The first of two swing bridges of the Northwestern Pacific rail line crosses the river right at its mouth near Black Point, just before the dramatic Highway 37 bridge, which has 70 feet of clearance at mean higher high water.
Swing bridges pivot around a central point like a gate and thus have unlimited overhead clearance. For over a decade the 1907 NWP rail line has been moribund and the bridges have been left open for boats, prompting jokes that NWP stands for “nowhere particular.”
Rounding a bend about four miles in, we arrive in wine country. Stretched out before us is the La Cruz vineyard of Keller Estates. Chardonnay, syrah, pinot gris and pinot noir grapes are ripening in the cool Pacific air flowing through the Petaluma Gap, now off our port bow, and are absorbing the distinctive mineral character of the soil.
We could stop at Gilardi’s Lakeville Marina for a hike up to the Keller tasting room or enjoy Greek dining, music and belly dancing at Papa’s Taverna. But we have only five miles to go and want to stay with the other boats to catch the Petaluma D Street Bridge opening and get a good docking spot. So we kick on the engine and motorsail into Petaluma Gap’s northwesterly wind: past the second NWP swing bridge, past the Petaluma Marina, and past the US-101 bridge with 100 feet of clearance.
A WARM WELCOME
The banks of the town press close, and around a slight bend the D Street bascule bridge looms ahead. Openings between 0600 and 1800 require four hours notice, 24 hours notice otherwise. We’re part of an officially registered cruise-in, so the friendly bridge tender is waiting for us, and with barely a pause the bridge raises and he waves us through from the window of the cream and terra-cotta control house.
From here the river opens up to a festive turning basin. At least 30 boats are already tied up stern-to or rafted along the 531 feet of dock to port in front of the Petaluma Yacht Club and a plaza called Steamer Gold Landing. To starboard, Cavanaugh Landing has another couple of hundred feet of dock space, which connects with downtown over a pretty footbridge. The city handles berth payment by mail and charges just $21 per night. Contacting us on VHF Ch.9, the bridge tender guides our group to a recommended spot to raft up.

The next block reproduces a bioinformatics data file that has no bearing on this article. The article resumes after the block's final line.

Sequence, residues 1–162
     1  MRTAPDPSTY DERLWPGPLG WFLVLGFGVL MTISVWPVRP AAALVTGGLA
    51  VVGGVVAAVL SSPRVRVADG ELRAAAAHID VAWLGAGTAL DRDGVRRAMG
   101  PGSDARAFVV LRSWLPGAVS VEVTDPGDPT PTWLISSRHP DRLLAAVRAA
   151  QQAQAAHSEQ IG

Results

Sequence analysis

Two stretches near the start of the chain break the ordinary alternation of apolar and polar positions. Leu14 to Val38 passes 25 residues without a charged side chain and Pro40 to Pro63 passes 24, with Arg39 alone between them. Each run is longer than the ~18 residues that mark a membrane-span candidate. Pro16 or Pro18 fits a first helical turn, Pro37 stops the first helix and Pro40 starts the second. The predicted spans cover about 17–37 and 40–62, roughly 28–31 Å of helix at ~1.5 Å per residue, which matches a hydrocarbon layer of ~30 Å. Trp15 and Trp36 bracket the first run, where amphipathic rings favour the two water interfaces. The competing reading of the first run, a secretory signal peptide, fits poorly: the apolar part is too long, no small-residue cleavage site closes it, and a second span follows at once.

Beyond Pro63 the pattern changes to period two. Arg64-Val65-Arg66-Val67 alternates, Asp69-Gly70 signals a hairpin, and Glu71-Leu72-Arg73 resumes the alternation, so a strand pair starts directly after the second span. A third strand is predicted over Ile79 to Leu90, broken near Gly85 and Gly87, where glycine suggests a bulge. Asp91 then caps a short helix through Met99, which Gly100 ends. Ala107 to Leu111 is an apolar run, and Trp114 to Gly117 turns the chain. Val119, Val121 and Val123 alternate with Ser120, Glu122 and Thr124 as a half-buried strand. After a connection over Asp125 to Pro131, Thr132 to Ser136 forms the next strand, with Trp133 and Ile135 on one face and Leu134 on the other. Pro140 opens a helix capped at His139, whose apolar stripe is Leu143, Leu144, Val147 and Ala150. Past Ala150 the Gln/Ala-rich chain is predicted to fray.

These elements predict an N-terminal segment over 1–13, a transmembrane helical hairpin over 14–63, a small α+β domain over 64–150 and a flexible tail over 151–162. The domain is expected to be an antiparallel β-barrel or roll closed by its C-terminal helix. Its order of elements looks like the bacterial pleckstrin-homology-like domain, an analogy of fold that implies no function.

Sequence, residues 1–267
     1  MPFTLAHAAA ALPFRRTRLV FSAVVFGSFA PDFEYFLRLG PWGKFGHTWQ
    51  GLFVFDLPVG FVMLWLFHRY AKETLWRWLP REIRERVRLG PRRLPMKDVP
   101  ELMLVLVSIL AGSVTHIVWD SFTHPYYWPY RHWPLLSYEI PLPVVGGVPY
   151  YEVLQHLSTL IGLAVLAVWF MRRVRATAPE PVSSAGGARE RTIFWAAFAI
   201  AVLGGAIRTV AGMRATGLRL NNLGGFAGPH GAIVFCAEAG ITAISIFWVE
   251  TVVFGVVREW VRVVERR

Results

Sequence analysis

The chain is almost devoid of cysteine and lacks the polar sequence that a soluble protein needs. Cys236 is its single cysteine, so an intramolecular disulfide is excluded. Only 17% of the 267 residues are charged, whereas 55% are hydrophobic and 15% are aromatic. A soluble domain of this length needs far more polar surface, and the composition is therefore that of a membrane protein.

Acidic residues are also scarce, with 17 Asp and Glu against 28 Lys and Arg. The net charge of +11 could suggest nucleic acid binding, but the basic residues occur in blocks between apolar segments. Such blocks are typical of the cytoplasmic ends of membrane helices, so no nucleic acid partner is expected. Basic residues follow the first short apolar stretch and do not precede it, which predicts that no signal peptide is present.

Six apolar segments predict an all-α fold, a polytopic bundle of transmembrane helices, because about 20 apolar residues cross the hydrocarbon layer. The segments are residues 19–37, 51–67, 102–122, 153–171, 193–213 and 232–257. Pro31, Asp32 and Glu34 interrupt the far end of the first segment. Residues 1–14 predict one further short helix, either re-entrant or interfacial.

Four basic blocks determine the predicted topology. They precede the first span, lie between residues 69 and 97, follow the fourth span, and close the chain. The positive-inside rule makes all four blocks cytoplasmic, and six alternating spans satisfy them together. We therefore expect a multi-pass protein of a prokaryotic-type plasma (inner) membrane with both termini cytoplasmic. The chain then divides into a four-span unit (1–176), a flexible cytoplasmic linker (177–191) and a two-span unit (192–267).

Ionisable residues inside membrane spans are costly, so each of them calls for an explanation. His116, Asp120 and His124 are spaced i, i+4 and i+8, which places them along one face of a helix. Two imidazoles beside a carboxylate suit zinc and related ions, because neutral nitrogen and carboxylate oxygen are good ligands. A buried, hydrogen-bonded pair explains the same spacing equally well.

The turning basin is nearly full, with some 50 boats, and the place is hopping. Crews, boats and clubs are mingling. Land-bound tourists and residents lean over the dock railings to admire boats and shout greetings.
The all-volunteer yacht club has prepared its traditional massive costume party. One particularly memorable year, the fun of tie-die, miniskirts and leather fringe for its “feelin’ groovy” theme was outdone only by the joint-rolling contest (using regular tobacco, of course).
There’s a river walk, an historic walk, a Victorian home walk, two wine tasting rooms, and plenty of dining, drinking, shopping and entertainment. The famous 1906 earthquake didn’t destroy Petaluma (chartered in 1858, it is one of California’s oldest cities), so it boasts one of the best-preserved California downtown areas on the National Register of Historic Places. Its unusual iron-front buildings have appeared in several movies, including American Graffiti and Pleasantville.